Mining Contract: Conduct Numerical Modeling to Meet the Requirements of the 2008 Congressional Appropriations Bill Per the Attached Statement of Work
On August 6th, 2007, the Crandall Canyon Mine in Utah collapsed, trapping six miners. Ten days later during the heroic rescue effort, another collapse occurred, killing three of the rescue workers. At the time of the collapse, the Crandall Canyon Mine was performing pillar retreat mining at cover deeper than 1,500 ft.
The safety of deep cover mining depends largely on proper pillar design to ensure that the overburden rock mass is well supported by unmined areas of the mine. In retreat mining, these unmined areas are partially extracted as the last operation before the mining is complete. This extraction process increases the risk of ground failure unless the operation is well-designed. One of the common methods used for the mine planning is a numerical modeling simulation of rock mass response and pillar loading using a computer program called LaModel, so named because of the laminations of the rock layers above the coal seam. The program was originally developed for NIOSH by Dr. Keith Heasley, who is now at West Virginia University (WVU).
The Crandall Canyon catastrophe underscored the importance of design tools like LaModel in providing safe workplaces for miners involved in deep cover pillar recovery. Under the direction of Dr. Heasley, the research team at WVU is developing software wizards to provide improved recommendations for critical LaModel input parameters. Dr. Heasley's team is also back analyzing case studies of deep cover retreat mining and comparing LaModel results with those from the NIOSH-developed Analysis of Retreat Mining Pillar Stability (ARMPS) software. ARMPS is an empirically based assessment of pillar design that utilizes data from past deep cover mining cases to define successful and unsuccessful mining plans. ARMPS provides adequate design solutions for most simple situations, but LaModel provides more flexibility for the complex geometries and multiple seam situations that are often encountered. The verification of the program applications and revised input parameter selection should guide mine planners in the use of LaModel in conjunction with ARMPS, thereby providing optimal pillar designs that will prevent such tragedies as Crandall Canyon from recurring.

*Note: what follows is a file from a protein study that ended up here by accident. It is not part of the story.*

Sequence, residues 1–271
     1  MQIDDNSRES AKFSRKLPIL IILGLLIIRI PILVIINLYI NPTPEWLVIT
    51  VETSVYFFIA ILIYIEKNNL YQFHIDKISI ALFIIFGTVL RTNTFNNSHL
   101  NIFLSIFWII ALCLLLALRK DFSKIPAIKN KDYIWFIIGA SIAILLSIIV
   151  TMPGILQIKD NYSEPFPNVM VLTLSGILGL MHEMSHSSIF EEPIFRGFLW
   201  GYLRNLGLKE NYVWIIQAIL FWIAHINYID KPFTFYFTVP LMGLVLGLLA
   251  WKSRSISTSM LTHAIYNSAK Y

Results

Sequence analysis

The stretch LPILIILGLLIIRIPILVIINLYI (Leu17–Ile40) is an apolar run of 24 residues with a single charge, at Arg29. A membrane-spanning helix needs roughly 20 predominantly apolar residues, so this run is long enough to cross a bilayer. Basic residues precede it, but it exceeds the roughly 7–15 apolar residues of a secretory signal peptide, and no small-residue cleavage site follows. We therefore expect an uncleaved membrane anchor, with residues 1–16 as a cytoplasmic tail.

Contract Status & Impact
The project has been completed with the exception of workshop presentations. Due to the short project time frame, all tasks were conducted simultaneously by a team consisting of two professors and five graduate students. Eight more case histories than the 40 required case histories were completed. The case histories provided the necessary background to improve the application of the LaModel program as intended. A surprising and significant finding was that topography has a large effect on the results. Since topography is not included in the ARMPS analysis, an idealized LaModel output was developed for comparison with ARMPS. These results correlate well to the ARMPS stability factors for the pillar design. The loading in ARMPS is slightly different than that in LaModel: the Active Mining Zone (AMZ) sees more of the overall load in all loading conditions, and the gob and barrier pillars see less loading in ARMPS. Programming has also been completed for the Rock Stiffness Wizard, Gob Load Wizard, and Pillar Strength Wizard, and these will be included in the final version of the model. These wizards will facilitate the appropriate application of input parameters to ensure proper use of the program by the design engineer.